"We put a little too much pressure on ourselves to erase (the poor start to the season). Right now, we're just about our game and the outcome will work out for us."

Andrew Stewart added a power-play goal for the Thrashers, who made too many mistakes and paid the price.

"We were pleased with the start," coach Craig Ramsay said. "We were speedy. We were going after them. We were putting pressure on their defense. We were doing everything right. We give up one. Then we throw one in the middle at 1-1, take the penalty and they score right off the faceoff. We can't afford those little details and mistakes. It's too much like work to be falling behind all the time."

Ducks 3, Sharks 2 (OT) | HIGHLIGHTS

Jonas Hiller helped Anaheim get into overtime, and Lubomir Visnovsky sent the Ducks home with two points by scoring with 32.6 seconds left in OT for their fourth win in a row.

Saku Koivu won a faceoff back to Visnovsky, who glided to center point, waited for a screen and ripped a slap shot through traffic that Antero Niittymaki never saw.

"I kind of lost the d-man," Niittymaki said. "There was a lot of traffic. They won the faceoff and everyone just went for the net, and some nights the puck finds its way to the net. Tonight it did.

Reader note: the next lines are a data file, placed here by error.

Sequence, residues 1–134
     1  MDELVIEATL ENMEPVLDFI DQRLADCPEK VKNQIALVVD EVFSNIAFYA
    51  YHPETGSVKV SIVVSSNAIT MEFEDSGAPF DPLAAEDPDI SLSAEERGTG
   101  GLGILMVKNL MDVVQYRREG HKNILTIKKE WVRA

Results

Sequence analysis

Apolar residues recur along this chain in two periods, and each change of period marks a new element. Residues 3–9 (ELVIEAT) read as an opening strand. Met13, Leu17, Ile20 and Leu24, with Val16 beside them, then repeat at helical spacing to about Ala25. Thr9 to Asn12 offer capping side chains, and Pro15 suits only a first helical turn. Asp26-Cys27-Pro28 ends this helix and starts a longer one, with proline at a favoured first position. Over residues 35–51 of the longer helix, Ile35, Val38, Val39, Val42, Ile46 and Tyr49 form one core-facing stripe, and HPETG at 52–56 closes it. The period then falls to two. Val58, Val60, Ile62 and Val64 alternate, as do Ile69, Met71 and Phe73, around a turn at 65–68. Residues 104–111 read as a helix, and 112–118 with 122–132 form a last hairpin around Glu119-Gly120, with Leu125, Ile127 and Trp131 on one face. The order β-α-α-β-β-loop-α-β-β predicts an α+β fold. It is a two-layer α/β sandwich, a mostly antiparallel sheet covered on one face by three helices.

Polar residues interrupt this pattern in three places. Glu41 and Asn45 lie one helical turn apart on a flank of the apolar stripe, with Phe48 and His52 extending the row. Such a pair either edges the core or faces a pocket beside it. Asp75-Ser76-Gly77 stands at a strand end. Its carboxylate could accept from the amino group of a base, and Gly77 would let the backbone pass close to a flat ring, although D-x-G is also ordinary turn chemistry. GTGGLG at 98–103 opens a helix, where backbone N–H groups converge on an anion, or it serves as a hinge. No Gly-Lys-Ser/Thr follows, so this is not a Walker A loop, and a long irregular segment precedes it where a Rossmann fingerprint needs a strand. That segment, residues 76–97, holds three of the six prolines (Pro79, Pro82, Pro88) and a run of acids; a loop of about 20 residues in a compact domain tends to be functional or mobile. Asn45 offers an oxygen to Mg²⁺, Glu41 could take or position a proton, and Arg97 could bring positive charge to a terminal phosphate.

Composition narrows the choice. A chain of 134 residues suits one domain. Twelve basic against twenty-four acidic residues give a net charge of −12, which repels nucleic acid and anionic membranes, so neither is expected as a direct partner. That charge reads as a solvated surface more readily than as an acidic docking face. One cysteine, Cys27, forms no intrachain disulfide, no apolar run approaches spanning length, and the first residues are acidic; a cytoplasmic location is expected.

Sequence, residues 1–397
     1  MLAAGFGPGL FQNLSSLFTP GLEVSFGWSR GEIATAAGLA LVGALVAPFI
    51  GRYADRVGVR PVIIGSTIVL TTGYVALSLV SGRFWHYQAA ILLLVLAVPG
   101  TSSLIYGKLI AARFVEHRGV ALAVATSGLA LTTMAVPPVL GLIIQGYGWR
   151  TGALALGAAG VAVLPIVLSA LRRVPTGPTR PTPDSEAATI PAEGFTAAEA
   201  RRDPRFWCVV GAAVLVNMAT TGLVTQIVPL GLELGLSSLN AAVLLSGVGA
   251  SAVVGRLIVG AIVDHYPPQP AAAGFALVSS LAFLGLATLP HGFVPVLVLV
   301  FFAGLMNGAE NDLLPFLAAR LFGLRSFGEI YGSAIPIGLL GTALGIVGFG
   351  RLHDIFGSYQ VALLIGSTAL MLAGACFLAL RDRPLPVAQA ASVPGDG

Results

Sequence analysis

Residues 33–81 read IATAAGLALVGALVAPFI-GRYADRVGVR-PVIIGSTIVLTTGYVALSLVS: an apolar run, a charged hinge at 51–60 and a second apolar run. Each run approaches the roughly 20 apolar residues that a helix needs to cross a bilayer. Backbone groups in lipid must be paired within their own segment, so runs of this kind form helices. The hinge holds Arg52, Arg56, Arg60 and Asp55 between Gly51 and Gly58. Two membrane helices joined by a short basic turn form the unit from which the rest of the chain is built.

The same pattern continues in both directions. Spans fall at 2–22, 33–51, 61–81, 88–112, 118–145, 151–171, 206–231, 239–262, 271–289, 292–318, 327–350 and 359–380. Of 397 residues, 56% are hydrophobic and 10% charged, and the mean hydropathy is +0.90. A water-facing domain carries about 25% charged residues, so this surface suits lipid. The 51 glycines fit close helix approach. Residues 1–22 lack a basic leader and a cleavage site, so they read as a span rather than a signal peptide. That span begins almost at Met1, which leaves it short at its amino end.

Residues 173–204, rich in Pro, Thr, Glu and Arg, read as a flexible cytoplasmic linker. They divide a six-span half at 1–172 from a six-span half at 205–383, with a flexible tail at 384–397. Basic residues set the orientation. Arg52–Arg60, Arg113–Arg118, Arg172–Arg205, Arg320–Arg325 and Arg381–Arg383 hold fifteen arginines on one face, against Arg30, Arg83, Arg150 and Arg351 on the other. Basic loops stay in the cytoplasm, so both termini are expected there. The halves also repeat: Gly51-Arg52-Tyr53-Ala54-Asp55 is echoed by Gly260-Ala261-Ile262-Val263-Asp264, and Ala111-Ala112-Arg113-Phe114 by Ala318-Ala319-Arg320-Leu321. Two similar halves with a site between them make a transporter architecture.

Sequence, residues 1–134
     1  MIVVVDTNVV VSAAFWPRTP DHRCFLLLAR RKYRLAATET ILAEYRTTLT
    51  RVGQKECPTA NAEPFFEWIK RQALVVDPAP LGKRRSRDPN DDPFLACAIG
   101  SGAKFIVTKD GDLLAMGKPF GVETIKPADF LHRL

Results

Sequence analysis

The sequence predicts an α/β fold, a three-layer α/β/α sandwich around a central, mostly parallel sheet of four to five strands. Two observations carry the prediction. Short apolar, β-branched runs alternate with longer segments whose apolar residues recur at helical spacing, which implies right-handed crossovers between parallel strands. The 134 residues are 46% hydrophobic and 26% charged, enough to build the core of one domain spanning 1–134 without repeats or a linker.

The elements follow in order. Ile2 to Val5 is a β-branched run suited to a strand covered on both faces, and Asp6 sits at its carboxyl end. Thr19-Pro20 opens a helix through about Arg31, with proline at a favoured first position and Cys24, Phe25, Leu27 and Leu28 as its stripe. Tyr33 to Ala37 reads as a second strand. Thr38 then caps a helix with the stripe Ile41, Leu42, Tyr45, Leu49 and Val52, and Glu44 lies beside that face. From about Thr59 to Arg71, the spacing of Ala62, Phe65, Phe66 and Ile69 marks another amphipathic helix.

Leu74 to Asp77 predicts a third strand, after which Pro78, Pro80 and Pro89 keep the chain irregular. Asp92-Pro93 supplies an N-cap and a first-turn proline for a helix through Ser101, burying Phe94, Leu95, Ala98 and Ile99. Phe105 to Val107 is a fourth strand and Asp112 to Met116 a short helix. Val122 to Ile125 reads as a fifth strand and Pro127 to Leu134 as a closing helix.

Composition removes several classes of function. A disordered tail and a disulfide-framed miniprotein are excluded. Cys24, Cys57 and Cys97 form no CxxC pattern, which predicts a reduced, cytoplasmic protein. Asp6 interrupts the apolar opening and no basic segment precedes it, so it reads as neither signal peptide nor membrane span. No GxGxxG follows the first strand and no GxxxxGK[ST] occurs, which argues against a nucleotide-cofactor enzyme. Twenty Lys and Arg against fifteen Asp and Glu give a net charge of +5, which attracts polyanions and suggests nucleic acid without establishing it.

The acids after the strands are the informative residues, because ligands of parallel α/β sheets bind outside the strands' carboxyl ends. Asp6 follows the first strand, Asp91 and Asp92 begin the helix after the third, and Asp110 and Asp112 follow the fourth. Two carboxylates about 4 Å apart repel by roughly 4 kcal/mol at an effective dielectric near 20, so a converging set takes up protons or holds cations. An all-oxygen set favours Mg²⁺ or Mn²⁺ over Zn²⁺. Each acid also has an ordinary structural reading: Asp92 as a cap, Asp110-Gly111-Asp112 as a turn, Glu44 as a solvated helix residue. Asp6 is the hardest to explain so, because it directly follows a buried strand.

"I thought we played decent. It just wasn't our night tonight."

Ducks coach Randy Carlyle said the game-winner came off a busted play.

"We were fortunate to win a faceoff," he said. "We had kind of a play going that didn't really materialize. But we didn't stop there. Shoot the puck, get it toward the net. It found a way to get in."

Anaheim led 2-1 after two periods on Corey Perry's backhander at 6:27 of the second period, but San Jose completely controlled the third period -- the Sharks outshot Anaheim 22-6, though they managed only Devin Setoguchi's goal at 9:05. Setoguchi fired his own rebound past Hiller for his second goal of the season and first in exactly a month.

Sharks coach Todd McLellan wasn't pleased with his team's play in the first two periods.

"We played like turtles, we were very slow," he said. "Our passing was poor. When we got a little desperation and a little polish in our game, we were much better in the last 15 minutes of the game."

Hiller's play in the third period was the only reason the Ducks got one point, let alone two.

"Hiller was outstanding -- the best player on the ice," Carlyle said. "But that's what it takes to win on the road in these tough buildings."

After a slow start, the over-.500 Ducks head back to Anaheim for Wednesday's game against the struggling New York Islanders.

"The team has more confidence than ever ... and now we get to back home," Visnovsky said.

Material from team media and wire services was used in this report.